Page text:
According to archaeologist/anthropologist Andrew Sherratt  from the University of Oxford, it can no longer be doubted that drug consumption has been ‘fundamental to human life, and is likely to be at least as old as the emergence of Homo sapiens’ that is about 70,000 -50,000 years before the present era (Sherratt 1995).  Supporting evidence for this comes from  linguistic, mythological, and philological research.  It indicates Palaeolithic hunters (i.e. Ice Age Homo sapiens) consumed psycho-active substances, most probably hallucinogens, right across the Northern Hemisphere during this period.

In that harsh world, neither gods nor God figured in peoples’ cosmology. Ice Age hunters were simple animists. They believed that all living things contained spirits—the mega-fauna they stalked or trapped, the lichen, mosses and  small game they sometimes acquired when  ice and snow  permitted. To get in touch with, and influence, this alternate world, prehistoric people consumed hallucinogens. Priestly figures—shamans—interpreted the resulting visions.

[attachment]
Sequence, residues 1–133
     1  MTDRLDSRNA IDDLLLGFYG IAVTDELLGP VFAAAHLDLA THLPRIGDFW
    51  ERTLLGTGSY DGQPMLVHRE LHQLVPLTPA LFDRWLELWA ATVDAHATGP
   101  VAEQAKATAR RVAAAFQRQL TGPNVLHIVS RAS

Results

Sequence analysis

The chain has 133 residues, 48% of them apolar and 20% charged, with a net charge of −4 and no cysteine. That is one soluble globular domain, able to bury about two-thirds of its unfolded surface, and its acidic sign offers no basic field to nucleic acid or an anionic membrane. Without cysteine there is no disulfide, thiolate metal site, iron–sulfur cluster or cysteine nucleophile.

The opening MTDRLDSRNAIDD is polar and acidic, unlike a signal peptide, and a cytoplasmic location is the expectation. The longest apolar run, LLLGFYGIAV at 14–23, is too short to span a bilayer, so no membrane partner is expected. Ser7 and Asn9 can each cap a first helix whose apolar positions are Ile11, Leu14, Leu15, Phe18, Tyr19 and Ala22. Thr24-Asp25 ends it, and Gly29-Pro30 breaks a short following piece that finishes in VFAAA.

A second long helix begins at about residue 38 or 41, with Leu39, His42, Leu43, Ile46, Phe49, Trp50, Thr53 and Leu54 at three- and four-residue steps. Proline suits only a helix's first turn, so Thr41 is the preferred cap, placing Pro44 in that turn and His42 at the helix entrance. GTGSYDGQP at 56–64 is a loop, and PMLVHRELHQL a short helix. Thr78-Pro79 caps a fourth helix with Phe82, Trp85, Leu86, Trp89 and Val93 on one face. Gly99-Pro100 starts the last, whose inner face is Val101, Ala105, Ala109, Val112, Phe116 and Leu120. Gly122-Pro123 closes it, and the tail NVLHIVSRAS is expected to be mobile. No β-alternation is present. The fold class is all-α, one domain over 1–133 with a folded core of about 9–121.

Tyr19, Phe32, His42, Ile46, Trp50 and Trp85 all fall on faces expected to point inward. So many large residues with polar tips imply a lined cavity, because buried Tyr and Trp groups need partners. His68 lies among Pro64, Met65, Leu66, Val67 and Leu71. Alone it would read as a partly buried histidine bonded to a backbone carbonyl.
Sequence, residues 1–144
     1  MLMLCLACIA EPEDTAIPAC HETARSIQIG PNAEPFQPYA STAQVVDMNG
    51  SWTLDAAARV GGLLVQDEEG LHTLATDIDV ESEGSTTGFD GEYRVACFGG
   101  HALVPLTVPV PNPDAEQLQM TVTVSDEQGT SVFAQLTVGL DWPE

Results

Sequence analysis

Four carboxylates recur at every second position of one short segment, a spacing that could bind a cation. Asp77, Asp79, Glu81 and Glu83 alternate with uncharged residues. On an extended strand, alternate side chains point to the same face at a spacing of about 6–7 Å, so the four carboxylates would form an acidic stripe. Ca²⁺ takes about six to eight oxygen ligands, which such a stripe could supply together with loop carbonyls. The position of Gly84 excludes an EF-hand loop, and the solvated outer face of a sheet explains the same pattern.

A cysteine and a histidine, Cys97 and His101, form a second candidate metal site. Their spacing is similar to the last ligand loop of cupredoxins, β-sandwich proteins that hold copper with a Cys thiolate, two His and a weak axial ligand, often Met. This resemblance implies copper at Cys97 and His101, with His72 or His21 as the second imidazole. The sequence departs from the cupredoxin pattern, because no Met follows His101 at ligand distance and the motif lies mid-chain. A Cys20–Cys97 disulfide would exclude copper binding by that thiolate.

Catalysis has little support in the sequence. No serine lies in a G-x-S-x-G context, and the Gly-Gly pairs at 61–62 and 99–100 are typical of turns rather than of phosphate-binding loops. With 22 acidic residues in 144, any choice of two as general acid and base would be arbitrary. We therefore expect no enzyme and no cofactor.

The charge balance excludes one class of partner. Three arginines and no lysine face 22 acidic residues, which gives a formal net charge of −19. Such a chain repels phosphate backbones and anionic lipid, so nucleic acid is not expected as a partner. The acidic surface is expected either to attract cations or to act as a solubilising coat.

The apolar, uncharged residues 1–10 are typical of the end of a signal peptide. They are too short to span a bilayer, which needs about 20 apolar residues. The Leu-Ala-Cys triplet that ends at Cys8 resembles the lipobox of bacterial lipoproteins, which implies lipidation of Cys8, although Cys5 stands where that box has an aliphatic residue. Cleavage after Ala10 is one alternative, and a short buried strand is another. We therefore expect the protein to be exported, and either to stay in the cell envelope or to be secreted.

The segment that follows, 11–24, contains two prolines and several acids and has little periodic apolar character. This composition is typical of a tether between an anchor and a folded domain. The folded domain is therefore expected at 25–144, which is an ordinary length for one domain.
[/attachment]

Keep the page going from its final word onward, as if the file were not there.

The successful shaman was part anchorman, part saviour,  part metamorphosed animal. Prehistoric art displays his set piece: antlered or horned head gear, a shepherd’s crook, a neckpiece strung with paws of the giant cave bear or other hunting insignia. Drawing upon drug-induced hallucinations, the shaman became  ‘master of animals’ with  an ability to visit the spirit world, to summon up game, and to plan and ensure triumphant hunts.